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PLoS One. 2012;7(12):e52079. doi: 10.1371/journal.pone.0052079. Epub 2012 Dec 21.

Deletion of chromosomes 13q and 14q is a common feature of tumors with BRCA2 mutations.

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  • 1French National Institute of Health and Medical Research (INSERM) Unit 916, University of Bordeaux, Bergonié Cancer Institute, Bordeaux, France.



Germline BRCA1 or BRCA2 mutations account for 20-30% of familial clustering of breast cancer. The main indication for BRCA2 screening is currently the family history but the yield of mutations identified in patients selected this way is low.


To develop more efficient approaches to screening we have compared the gene expression and genomic profiles of BRCA2-mutant breast tumors with those of breast tumors lacking BRCA1 or BRCA2 mutations.


We identified a group of 66 genes showing differential expression in our training set of 7 BRCA2-mutant tumors and in an independent validation set of 19 BRCA2-mutant tumors. The differentially expressed genes include a prominent cluster of genes from chromosomes 13 and 14 whose expression is reduced. Gene set enrichment analysis confirmed that genes in specific bands on 13q and 14q showed significantly reduced expression, suggesting that the affected bands may be preferentially deleted in BRCA2-mutant tumors. Genomic profiling showed that the BRCA2-mutant tumors indeed harbor deletions on chromosomes 13q and 14q. To exploit this information we have created a simple fluorescence in situ hybridization (FISH) test and shown that it detects tumors with deletions on chromosomes 13q and 14q.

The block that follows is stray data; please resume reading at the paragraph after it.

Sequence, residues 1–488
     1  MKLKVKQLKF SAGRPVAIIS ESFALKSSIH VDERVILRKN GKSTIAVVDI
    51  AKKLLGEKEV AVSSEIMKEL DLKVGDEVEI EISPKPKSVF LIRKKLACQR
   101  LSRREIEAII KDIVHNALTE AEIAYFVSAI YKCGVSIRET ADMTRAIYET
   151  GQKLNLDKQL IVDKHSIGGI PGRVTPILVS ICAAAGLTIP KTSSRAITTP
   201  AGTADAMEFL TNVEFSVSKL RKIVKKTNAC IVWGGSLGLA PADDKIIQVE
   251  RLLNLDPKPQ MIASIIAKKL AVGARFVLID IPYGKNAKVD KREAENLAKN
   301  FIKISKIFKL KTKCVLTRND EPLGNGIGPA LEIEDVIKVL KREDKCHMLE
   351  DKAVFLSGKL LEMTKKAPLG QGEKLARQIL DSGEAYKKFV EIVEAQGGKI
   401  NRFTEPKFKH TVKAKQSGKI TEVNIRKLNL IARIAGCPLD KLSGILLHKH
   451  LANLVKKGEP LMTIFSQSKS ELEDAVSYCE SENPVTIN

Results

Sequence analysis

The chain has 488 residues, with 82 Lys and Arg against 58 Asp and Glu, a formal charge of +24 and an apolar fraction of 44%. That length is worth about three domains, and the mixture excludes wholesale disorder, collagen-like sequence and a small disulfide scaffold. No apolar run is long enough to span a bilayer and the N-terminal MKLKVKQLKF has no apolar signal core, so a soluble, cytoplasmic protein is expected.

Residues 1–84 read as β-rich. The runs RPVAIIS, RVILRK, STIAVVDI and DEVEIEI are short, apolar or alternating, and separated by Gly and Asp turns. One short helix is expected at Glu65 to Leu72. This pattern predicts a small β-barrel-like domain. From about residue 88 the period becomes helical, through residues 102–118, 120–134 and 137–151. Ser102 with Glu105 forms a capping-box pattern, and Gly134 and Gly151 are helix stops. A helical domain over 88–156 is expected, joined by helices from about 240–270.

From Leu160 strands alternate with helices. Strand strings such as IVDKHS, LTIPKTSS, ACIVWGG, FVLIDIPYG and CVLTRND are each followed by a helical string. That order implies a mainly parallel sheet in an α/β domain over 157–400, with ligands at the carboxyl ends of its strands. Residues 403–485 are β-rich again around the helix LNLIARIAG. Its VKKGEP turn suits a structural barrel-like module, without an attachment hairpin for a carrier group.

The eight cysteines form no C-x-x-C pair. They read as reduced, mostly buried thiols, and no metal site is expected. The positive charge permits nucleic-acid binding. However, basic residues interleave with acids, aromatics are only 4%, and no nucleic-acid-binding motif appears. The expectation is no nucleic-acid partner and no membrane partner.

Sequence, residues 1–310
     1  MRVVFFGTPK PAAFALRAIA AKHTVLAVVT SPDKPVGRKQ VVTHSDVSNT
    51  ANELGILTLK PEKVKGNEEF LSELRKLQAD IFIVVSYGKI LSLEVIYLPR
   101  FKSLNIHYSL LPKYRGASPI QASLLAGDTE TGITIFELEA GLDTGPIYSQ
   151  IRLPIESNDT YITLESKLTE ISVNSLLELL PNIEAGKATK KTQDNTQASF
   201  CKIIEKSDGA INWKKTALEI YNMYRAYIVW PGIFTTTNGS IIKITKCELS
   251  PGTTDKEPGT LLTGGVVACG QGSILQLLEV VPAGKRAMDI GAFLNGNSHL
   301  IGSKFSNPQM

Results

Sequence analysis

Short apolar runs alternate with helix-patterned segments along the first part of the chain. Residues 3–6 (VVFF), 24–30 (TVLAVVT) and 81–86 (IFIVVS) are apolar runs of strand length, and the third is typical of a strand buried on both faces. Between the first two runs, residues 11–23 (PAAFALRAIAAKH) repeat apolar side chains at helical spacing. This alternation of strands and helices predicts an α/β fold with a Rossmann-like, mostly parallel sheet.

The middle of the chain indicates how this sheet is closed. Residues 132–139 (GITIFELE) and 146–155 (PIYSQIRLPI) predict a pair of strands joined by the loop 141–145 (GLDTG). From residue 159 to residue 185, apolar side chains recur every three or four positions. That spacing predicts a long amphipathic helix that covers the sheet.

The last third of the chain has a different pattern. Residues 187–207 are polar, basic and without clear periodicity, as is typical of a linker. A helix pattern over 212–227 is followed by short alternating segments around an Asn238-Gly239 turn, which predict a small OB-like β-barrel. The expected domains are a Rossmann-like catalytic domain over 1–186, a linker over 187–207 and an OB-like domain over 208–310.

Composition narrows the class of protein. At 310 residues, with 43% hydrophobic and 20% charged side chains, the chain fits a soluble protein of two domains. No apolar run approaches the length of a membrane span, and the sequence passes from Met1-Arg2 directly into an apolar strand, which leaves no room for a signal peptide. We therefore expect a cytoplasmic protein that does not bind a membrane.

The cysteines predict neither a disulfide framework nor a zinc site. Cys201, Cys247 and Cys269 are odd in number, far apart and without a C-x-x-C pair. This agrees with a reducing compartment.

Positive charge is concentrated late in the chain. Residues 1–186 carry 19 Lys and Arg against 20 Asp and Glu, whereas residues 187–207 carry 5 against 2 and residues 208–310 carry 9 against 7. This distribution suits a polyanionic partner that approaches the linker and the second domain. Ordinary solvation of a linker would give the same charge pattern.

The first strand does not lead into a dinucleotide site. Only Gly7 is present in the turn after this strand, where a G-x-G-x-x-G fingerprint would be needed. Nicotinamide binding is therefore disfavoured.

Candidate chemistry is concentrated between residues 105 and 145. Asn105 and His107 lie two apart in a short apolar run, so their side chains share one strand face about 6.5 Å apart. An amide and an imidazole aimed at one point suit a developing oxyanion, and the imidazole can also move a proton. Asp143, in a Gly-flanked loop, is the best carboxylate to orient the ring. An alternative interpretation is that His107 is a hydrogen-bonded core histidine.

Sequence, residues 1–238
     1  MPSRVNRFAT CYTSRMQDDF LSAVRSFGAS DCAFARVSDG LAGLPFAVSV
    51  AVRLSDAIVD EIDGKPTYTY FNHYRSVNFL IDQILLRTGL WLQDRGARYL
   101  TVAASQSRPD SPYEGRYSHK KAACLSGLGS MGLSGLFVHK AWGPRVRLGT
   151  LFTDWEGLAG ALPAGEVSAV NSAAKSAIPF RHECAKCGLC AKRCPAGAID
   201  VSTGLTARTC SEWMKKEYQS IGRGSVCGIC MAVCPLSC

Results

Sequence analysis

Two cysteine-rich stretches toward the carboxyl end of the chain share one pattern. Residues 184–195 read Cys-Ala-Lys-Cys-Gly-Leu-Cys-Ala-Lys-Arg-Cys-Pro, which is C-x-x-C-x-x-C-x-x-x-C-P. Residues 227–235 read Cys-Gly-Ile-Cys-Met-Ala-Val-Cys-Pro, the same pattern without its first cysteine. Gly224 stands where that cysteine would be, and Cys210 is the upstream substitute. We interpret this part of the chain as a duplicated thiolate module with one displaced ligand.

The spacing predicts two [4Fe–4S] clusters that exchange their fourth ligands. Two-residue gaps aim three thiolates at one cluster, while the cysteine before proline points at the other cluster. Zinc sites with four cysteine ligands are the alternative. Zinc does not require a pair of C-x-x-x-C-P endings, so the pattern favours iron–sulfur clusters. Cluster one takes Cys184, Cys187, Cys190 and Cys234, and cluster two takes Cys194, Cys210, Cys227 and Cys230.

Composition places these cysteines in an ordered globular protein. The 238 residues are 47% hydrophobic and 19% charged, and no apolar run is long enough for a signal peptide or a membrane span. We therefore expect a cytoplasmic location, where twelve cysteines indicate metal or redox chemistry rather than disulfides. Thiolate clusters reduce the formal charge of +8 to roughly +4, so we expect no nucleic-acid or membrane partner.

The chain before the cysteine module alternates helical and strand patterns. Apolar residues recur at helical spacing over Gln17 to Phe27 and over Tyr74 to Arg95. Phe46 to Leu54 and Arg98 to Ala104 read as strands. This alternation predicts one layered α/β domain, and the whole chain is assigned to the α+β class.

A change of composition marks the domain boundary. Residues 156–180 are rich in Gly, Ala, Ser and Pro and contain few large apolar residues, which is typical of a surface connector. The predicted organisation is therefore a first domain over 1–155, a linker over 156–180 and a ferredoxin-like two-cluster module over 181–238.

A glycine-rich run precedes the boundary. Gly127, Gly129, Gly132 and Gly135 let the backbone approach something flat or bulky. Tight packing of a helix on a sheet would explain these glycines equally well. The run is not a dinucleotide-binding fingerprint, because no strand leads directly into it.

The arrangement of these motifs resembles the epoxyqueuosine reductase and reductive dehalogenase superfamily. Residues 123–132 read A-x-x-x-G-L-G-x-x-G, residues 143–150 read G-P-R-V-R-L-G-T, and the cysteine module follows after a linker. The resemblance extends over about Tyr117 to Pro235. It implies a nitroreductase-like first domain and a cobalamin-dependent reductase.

Together with previous reports, this establishes that deletions on chromosomes 13q and 14q are a hallmark of BRCA2-mutant tumors. We propose that FISH to detect these deletions would be an efficient and cost-effective first screening step to identify potential BRCA2-mutation carriers among breast cancer patients without a family history of breast cancer.

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